5 Guidelines for Submitting Orders

My goal in preparing orders, as it is for all of my legal writing, is to use
regular grammatical English as much as possible. A secondary goal is
to use actual statutory language as much as possible, rather than
changing or paraphrasing it, which runs the risk of changing its
meaning. When you prepare proposed orders, please keep these
principles in mind.
Guideline No. 1 – Electronic Format
All proposed orders must be submitted in electronic form. It should be
converted directly from Word or WordPerfect to PDF. It should not be
created by scanning it from its original Word or WordPerfect form. If it
is scanned, I cannot make additions or changes. As an aside,
although scanning documents is acceptable under our local rules and
orders, it is highly discouraged since it takes up a much greater
amount of space than a document that is created and then converted
directly into a PDF document.
Guideline No. 2 – Case Title
In the title of the case or in the body of the order, use “debtor” or
“debtors” as appropriate, but never “debtor(s).”
Guideline No. 3 – The Date
Please put a place for the date on the left side below the text. Do not
put a month or year, simply put the word “Dated:” I use an electronic
stamp to insert the date, so putting any part of the date is simply an
inconvenience and an interference. The traditional line used to put the
date is also unnecessary.
Guideline No. 4 – Signature
Put a line for a signature below the text on the right side of the page,
slightly lower than the date. Do not include anything above the line.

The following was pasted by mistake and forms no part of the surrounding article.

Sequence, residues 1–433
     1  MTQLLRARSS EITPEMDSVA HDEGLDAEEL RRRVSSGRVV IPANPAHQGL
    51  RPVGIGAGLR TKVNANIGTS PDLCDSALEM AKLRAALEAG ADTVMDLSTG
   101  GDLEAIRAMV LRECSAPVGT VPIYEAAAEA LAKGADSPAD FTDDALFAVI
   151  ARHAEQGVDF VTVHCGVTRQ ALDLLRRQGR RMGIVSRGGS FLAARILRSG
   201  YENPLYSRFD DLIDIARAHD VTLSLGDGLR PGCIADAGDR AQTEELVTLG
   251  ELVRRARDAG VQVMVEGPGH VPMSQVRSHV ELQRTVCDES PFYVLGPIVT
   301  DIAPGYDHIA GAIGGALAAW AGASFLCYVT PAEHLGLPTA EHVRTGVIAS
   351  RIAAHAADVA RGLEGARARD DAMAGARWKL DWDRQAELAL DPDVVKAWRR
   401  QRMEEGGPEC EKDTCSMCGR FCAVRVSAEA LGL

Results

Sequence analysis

For example, do not include the phrase “by the court” or “entered.”
Putting my name below the signature line is optional, but if you do, do
not include anything other than my name. “Honorable,” “The
Honorable,” or “Hon.” are forms of address and not part of my name.
However, whether you include my name or not, the proper title to be
included either directly below the line or directly beneath my name is
“United States Bankruptcy Judge.”
Guideline No. 5 – Quotation Marks and Parenthesis
Do not include quotation marks or parenthesis to indicate a shortened
version of a name. For example, the common reference in the first
sentence to First National Bank of Minneapolis (“Movant”) is wordy,
somewhat ungrammatical, unnecessary, and certainly clutters up the
order. Please don’t do it.
Guideline No. 6 – Capitalization
Lawyers apparently love to capitalize words. Pleadings, including
proposed orders, are commonly full of words that are capitalized, not
quite randomly, but certainly with great abandon. Please limit the use
of capitalization to proper names. For example, do not capitalize court,
motion, movant, debtor, trustee, order, affidavit, stipulation, mortgage,
lease or any of the other numerous words that are commonly
Guideline No. 7 – Use of articles
Lawyers apparently disfavor articles, both definite and indefinite. Use
the articles “the,” “a,” and “an” as appropriate. Write the way you
would speak. So, “the debtor,” not “debtor,” “the trustee,” not “trustee.”
Guideline No. 8 – And/Or
Never use “and/or.”
Guideline No. 9 – Superfluous Words and Phrases
Eliminate superfluous words. They serve no purpose other than to
make the document sound more legal, which is exactly the opposite of
the goal that I am trying to accomplish. Examples of such words are:
“hereby,” “herein,” “in and for,” “subject,” “that certain,” “now,” “that,”
“undersigned,” “immediately,” “heretofore entered in this case,” “be,